This convention was held in 1988 and was part of the U.N’s attempt to combat money laundering and international drug trafficking. The U.S. also has a “Kingpin Act” that’s aimed at countering narcotics drug trafficking and all related activities.
What Are the Penalties for Meth Manufacturing Charges in Miami?
Meth manufacturing penalties in Miami are strict, which is why you should consult an experienced criminal defense attorney as soon as you’re arrested. This offense is considered a felony, and you risk penalties such as;
- Hefty fines: drug manufacturing charges carry hefty fines of up to $50,000 or more for felony charges and $2000 for misdemeanors.
- Prison: if you’re charged with a felony meth manufacturing charge, you can be sentenced to a minimum of 1 year in prison and a maximum of 10 years or more.
- Restitution: if your meth manufacturing activities caused significant damage, in addition to the fines you incur, the court may also ask you to pay restitution to cover the costs. This is also true if you have a lab that law enforcement has to clean up.
- Probation: meth manufacturing probations are often one year long, but it’s not uncommon for the court to sentence you to multi-year probation terms. When you’re on probation, you have to comply with the probation conditions, including regular drug tests, refraining from any other crimes, and paying the required fines and fees.
It’s important to note that the penalties for meth manufacturing in Miami depend on the amount of the drug you were caught with.
For instance, if you’re caught with up to 14 grams of meth or in possession of the chemicals needed to manufacture meth, this is considered a second-degree felony and carries fines of up to $10,000 and a 15-year maximum prison sentence. Renting a room to serve as a meth lab is considered a third-degree felony.
If you’re, however, caught manufacturing meth within 1000 ft of a community recreation facility, public park, education facility, or child care center, the charges are elevated to a first-degree felony.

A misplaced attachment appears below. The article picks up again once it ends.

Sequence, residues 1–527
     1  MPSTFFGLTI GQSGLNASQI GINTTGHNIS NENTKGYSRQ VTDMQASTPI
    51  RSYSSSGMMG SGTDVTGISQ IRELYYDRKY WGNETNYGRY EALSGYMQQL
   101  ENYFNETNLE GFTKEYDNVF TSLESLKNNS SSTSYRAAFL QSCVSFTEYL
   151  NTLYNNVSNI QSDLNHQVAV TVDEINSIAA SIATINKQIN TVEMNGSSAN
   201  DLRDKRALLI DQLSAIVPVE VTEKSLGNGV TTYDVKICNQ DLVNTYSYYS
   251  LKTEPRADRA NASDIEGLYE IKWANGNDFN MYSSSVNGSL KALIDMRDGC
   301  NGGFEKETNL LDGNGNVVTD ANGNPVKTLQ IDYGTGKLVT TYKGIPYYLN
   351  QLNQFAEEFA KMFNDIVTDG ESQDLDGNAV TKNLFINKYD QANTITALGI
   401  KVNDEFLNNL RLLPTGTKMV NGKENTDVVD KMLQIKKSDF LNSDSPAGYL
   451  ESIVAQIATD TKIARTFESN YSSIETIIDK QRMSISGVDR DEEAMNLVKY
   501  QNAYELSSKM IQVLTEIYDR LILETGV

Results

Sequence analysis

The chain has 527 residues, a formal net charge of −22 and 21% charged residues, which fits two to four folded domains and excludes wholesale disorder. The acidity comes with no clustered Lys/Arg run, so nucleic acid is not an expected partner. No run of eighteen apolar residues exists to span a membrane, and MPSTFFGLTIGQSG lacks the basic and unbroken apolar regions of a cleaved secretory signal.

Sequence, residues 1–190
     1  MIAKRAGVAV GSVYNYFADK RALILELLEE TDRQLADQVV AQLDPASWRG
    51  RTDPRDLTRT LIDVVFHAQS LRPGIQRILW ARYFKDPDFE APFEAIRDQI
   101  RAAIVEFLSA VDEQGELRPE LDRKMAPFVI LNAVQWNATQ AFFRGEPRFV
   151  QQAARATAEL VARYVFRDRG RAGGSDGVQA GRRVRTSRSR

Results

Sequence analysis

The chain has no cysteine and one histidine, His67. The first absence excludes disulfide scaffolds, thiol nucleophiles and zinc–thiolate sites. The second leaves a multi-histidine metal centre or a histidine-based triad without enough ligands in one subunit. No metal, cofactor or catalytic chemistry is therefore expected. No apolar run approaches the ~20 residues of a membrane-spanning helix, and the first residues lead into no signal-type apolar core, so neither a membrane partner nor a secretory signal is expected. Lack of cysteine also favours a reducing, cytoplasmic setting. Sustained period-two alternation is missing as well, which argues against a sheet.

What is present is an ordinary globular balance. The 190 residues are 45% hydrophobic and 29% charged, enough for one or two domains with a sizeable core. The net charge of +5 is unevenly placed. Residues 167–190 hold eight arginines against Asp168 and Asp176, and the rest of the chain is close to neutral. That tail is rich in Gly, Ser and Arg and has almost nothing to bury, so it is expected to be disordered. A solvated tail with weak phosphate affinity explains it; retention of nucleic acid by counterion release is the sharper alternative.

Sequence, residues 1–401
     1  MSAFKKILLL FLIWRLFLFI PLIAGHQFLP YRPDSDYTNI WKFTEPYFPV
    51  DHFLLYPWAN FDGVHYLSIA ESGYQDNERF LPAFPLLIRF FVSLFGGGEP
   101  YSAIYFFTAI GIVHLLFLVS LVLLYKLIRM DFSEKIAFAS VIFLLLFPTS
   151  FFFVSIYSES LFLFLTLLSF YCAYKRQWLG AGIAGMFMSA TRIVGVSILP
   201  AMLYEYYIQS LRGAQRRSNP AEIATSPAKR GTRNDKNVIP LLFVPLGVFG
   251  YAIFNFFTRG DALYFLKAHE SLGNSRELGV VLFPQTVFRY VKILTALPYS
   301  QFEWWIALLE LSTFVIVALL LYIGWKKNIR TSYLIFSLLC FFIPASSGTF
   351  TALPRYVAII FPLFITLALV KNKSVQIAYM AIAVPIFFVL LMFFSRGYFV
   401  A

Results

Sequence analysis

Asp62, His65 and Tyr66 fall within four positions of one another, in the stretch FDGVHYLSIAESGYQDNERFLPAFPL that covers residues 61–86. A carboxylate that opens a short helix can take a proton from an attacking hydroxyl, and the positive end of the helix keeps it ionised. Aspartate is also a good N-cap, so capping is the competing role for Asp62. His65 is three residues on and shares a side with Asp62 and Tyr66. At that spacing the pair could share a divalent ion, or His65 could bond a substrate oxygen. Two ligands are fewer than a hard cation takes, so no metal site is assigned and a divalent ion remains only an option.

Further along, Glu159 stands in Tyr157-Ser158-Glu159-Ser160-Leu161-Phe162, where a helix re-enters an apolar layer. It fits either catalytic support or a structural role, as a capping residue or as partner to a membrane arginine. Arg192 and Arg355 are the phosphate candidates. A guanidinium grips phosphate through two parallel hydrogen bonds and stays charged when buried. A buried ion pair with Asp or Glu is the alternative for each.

Miami Drug Manufacturing Defenses
For you to be convicted, the prosecution has to prove that you were in possession of the chemicals or equipment required to process meth and had the intent to manufacture it. Our experienced legal team has a couple of defense strategies against these charges. We will aggressively question the accuracy of the lab results or even prove that all evidence against you was obtained through improper tactics, including illegal searches.
To reduce your chances of getting convicted, we advise that you seek legal advice from our meth manufacturing attorneys as soon as possible. This will give us enough time to investigate your case and craft a winning defense.
Get in Touch With a Miami Drug Manufacturing Attorney Today!
Fighting drug charges alone can be nerve-wracking. There’s a lot at stake, and getting convicted could result in a long prison term, heavy fines, probation, and even restitution. These penalties also come with long-lasting impacts, such as loss of your driving license, loss of voting rights, and loss of the right to carry firearms. You may also have a hard time getting proper employment after you’re done serving your prison term.
Hiring an experienced Miami drug manufacturing attorney takes a huge load off you and increases your chances of having the charges dropped. Let us fight for you. Contact us today or call us on (305) 874-0279 for a FREE consultation.